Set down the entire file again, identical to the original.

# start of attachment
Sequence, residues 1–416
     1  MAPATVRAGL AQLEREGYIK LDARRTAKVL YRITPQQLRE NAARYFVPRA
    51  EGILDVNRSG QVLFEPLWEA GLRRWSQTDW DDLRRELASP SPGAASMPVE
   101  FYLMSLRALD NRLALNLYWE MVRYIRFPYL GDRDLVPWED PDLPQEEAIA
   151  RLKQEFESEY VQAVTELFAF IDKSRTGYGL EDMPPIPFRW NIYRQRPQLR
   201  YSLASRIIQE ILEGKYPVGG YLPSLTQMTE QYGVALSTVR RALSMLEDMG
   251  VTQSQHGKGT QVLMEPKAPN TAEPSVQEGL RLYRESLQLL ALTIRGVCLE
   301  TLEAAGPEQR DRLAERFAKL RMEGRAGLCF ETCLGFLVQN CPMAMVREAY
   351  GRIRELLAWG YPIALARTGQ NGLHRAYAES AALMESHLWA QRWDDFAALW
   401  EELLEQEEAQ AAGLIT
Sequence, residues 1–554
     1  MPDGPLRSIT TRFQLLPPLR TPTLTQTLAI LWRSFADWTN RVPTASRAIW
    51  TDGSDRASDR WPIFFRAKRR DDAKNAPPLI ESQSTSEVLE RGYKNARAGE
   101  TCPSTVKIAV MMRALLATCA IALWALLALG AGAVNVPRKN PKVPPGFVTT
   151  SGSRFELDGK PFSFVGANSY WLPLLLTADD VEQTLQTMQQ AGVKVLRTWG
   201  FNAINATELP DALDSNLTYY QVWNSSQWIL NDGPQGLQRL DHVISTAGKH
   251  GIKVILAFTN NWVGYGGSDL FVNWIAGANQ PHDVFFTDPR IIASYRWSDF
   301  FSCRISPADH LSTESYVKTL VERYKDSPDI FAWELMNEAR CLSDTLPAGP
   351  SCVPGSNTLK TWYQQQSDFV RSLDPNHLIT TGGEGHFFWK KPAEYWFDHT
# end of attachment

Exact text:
Sequence, residues 1–416
     1  MAPATVRAGL AQLEREGYIK LDARRTAKVL YRITPQQLRE NAARYFVPRA
    51  EGILDVNRSG QVLFEPLWEA GLRRWSQTDW DDLRRELASP SPGAASMPVE
   101  FYLMSLRALD NRLALNLYWE MVRYIRFPYL GDRDLVPWED PDLPQEEAIA
   151  RLKQEFESEY VQAVTELFAF IDKSRTGYGL EDMPPIPFRW NIYRQRPQLR
   201  YSLASRIIQE ILEGKYPVGG YLPSLTQMTE QYGVALSTVR RALSMLEDMG
   251  VTQSQHGKGT QVLMEPKAPN TAEPSVQEGL RLYRESLQLL ALTIRGVCLE
   301  TLEAAGPEQR DRLAERFAKL RMEGRAGLCF ETCLGFLVQN CPMAMVREAY
   351  GRIRELLAWG YPIALARTGQ NGLHRAYAES AALMESHLWA QRWDDFAALW
   401  EELLEQEEAQ AAGLIT
Sequence, residues 1–554
     1  MPDGPLRSIT TRFQLLPPLR TPTLTQTLAI LWRSFADWTN RVPTASRAIW
    51  TDGSDRASDR WPIFFRAKRR DDAKNAPPLI ESQSTSEVLE RGYKNARAGE
   101  TCPSTVKIAV MMRALLATCA IALWALLALG AGAVNVPRKN PKVPPGFVTT
   151  SGSRFELDGK PFSFVGANSY WLPLLLTADD VEQTLQTMQQ AGVKVLRTWG
   201  FNAINATELP DALDSNLTYY QVWNSSQWIL NDGPQGLQRL DHVISTAGKH
   251  GIKVILAFTN NWVGYGGSDL FVNWIAGANQ PHDVFFTDPR IIASYRWSDF
   301  FSCRISPADH LSTESYVKTL VERYKDSPDI FAWELMNEAR CLSDTLPAGP
   351  SCVPGSNTLK TWYQQQSDFV RSLDPNHLIT TGGEGHFFWK KPAEYWFDHT